IN THE APPELLATE COURT OF ILLINOIS FOURTH DISTRICT
November 29, 2011
THE PEOPLE OF THE STATE OF ILLINOIS,
Appeal from Circuit Court of Morgan County No. 09CF19 Honorable Richard T. Mitchell, Judge Presiding.
The opinion of the court was delivered by: Presiding Justice Knecht
PRESIDING JUSTICE KNECHT delivered the judgment of the court, with opinion.
Justices McCullough and Cook concurred in the judgment and opinion.
¶ 1 In March 2010, a jury convicted defendant, Ronald Richardson, of first degree murder (720 ILCS 5/9-1(a)(1), (a)(2) (West 2008)). In May 2010, the trial court sentenced defendant to 40 years' imprisonment. Defendant appeals, arguing he was entitled to have the jury instructed on the lesser offense of second degree murder. We affirm.
¶ 2 I. BACKGROUND
¶ 3 In February 2009, the State charged defendant with three counts of first degree murder (720 ILCS 5/9-1(a)(1), (a)(2) (West 2008)). Each count related to a single crime but charged defendant under a different theory of first degree murder. Defendant pleaded not guilty and requested a jury trial. Before the case reached trial, defendant requested permission to proceed pro se. The trial court advised defendant of the difficulties in representing himself pro se and engaged in the following discourse with him:
"THE COURT: Okay. And you understand that by going to trial without counsel that you are expected to follow the same rules of procedure as [your former counsel] would if he were involved in representing you? You understand that?
DEFENDANT: I understand sir.
THE COURT: *** There's also instructions which are the law of the case. You understand what that is?
DEFENDANT: Yes, sir.
THE COURT: And of course, again, you would be expected to represent yourself in any instruction conferences and anywhere throughout, throughout the whole trial, just the same as if you had counsel. Do you understand that?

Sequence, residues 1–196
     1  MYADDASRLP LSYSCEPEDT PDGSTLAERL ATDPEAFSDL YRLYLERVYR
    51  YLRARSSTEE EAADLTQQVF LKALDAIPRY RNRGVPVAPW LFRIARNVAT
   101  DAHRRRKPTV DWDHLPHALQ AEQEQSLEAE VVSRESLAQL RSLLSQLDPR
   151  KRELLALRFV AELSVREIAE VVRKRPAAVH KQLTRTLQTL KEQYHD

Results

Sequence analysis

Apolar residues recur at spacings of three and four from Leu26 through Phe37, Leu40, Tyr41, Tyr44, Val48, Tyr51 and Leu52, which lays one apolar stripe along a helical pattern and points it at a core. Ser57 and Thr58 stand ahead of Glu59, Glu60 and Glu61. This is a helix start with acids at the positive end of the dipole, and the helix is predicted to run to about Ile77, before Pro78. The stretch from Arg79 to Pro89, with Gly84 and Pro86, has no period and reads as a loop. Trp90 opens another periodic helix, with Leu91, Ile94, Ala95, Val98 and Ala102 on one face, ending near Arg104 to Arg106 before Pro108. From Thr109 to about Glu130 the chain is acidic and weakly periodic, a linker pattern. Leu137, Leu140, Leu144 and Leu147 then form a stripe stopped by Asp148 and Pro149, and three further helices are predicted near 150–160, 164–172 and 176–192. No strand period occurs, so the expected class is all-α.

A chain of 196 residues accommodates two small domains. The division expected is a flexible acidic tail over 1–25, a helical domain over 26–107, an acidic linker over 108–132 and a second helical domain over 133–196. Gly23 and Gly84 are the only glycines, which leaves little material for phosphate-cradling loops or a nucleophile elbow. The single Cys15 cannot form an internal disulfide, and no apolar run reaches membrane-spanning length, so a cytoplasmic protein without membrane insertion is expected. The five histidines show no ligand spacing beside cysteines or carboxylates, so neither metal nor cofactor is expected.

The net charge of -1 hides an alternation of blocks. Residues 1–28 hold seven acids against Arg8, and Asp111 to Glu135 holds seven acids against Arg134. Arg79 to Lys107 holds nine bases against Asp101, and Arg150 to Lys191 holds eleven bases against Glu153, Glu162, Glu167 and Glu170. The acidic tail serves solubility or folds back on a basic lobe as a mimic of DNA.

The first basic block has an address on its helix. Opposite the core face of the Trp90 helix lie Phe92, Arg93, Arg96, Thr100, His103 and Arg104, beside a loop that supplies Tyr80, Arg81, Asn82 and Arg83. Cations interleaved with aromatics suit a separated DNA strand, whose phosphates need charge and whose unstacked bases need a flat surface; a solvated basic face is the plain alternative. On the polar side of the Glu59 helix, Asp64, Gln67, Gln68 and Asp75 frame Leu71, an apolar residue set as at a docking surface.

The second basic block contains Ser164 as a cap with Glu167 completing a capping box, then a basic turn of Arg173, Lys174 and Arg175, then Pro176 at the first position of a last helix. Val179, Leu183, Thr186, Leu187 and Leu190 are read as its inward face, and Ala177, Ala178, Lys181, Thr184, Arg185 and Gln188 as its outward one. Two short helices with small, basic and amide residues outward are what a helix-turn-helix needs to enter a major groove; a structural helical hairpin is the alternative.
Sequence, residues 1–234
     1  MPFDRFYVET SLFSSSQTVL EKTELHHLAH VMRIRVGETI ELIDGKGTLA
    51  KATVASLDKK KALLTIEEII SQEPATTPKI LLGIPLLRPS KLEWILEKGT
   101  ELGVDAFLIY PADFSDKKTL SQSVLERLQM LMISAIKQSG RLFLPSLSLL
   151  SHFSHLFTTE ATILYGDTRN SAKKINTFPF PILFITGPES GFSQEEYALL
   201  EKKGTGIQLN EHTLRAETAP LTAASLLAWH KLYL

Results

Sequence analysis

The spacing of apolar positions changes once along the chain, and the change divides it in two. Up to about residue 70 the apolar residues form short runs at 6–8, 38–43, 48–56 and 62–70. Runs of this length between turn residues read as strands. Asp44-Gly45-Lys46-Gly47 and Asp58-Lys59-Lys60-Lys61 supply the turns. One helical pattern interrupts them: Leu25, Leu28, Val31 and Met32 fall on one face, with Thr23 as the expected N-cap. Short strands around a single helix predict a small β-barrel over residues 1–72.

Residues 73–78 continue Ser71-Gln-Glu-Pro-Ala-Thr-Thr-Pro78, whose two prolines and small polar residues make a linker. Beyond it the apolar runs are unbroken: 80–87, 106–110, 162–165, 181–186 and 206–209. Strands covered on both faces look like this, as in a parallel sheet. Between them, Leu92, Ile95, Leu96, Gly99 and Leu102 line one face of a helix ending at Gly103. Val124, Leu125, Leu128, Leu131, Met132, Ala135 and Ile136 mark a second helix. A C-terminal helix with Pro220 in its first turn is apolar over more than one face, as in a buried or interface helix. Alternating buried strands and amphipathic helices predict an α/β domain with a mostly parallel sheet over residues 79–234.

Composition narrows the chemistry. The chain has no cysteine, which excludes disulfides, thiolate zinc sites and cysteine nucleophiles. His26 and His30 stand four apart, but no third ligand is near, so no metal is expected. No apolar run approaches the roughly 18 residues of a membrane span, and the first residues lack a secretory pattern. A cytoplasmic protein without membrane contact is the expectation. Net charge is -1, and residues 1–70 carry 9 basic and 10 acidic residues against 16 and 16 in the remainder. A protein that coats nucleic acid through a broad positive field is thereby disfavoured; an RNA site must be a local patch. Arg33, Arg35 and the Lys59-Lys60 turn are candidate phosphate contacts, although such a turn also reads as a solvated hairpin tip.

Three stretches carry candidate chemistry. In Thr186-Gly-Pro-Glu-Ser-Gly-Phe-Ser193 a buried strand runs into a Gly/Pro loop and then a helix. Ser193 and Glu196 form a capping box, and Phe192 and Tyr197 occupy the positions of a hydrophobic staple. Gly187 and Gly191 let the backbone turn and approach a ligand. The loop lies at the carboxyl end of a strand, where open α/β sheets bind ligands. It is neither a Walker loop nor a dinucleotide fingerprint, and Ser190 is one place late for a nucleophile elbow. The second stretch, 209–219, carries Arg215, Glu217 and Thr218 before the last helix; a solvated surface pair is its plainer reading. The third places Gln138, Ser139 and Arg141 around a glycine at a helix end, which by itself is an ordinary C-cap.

DEFENDANT: I understand, sir."
After advising defendant of his responsibilities and giving him time to weigh his options, the court allowed defendant to proceed pro se. In March 2010, the case proceeded to trial. The evidence introduced to the jury showed the following.
¶ 4 Police discovered the victim's body in the walkway of an apartment building adjacent to defendant's apartment building. Defendant was seen in the area acting strangely the night before police found the body. While investigating the murder, police officers went to defendant's apartment. Defendant's wife gave the officers permission to search the apartment. The police recovered the boots and overalls defendant had been wearing the previous evening. Defendant's wife also informed them a large knife was missing from the kitchen. The knife was later found on the roof of a neighboring apartment building. The knife, boots, and overalls all had the victim's blood on them.
¶ 5 Officers asked defendant to accompany them to the police station to be interviewed, and he agreed. The interview was recorded. During the interview, defendant asked to speak to his wife, and officers granted his request, though they advised defendant they were going to tape the conversation. While speaking to his wife, defendant admitted stabbing the victim, but claimed it was in self-defense during a drug deal gone bad. He told his wife he stabbed the victim with the knife from their kitchen and threw it on the roof of a nearby building. Officers arrested defendant and charged him with first degree murder.
¶ 6 A few days later, defendant asked to speak with an officer. This second interview was also recorded. At first, defendant denied any involvement in the murder and claimed he was only a witness. Eventually defendant admitted stabbing the victim, but he insisted it was done in self-defense during a dispute over drug money. Later in the day, defendant made two phone calls. Defendant's phone calls were recorded. During the first phone call, defendant admitted stabbing the victim in self-defense but explained it "was a drug addict self-defense." Defendant went on to state he was high and not thinking clearly when he stabbed the victim. Defendant then called his mother and admitted stabbing the victim but claimed he had done so in self-defense while high on drugs.
¶ 7 At trial, the State, inter alia, introduced defendant's recorded statements to police and recordings of his telephone conversations into evidence. Defendant's wife also testified to what defendant told her about the events of the night in question. In addition, a friend of the victim who had sold drugs to defendant on previous occasions testified the victim left with defendant around 1:30 a.m. and never came back. Defendant did not testify.